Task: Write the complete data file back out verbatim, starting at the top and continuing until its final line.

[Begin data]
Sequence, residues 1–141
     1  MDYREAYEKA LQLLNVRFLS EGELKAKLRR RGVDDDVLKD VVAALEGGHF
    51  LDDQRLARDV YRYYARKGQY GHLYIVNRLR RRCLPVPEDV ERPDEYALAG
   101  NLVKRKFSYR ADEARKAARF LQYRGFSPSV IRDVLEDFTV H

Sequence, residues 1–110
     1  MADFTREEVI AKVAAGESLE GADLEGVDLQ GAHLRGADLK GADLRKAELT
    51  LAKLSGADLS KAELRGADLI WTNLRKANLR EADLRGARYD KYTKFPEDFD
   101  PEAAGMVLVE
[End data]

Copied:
Sequence, residues 1–141
     1  MDYREAYEKA LQLLNVRFLS EGELKAKLRR RGVDDDVLKD VVAALEGGHF
    51  LDDQRLARDV YRYYARKGQY GHLYIVNRLR RRCLPVPEDV ERPDEYALAG
   101  NLVKRKFSYR ADEARKAARF LQYRGFSPSV IRDVLEDFTV H

Sequence, residues 1–110
     1  MADFTREEVI AKVAAGESLE GADLEGVDLQ GAHLRGADLK GADLRKAELT
    51  LAKLSGADLS KAELRGADLI WTNLRKANLR EADLRGARYD KYTKFPEDFD
   101  PEAAGMVLVE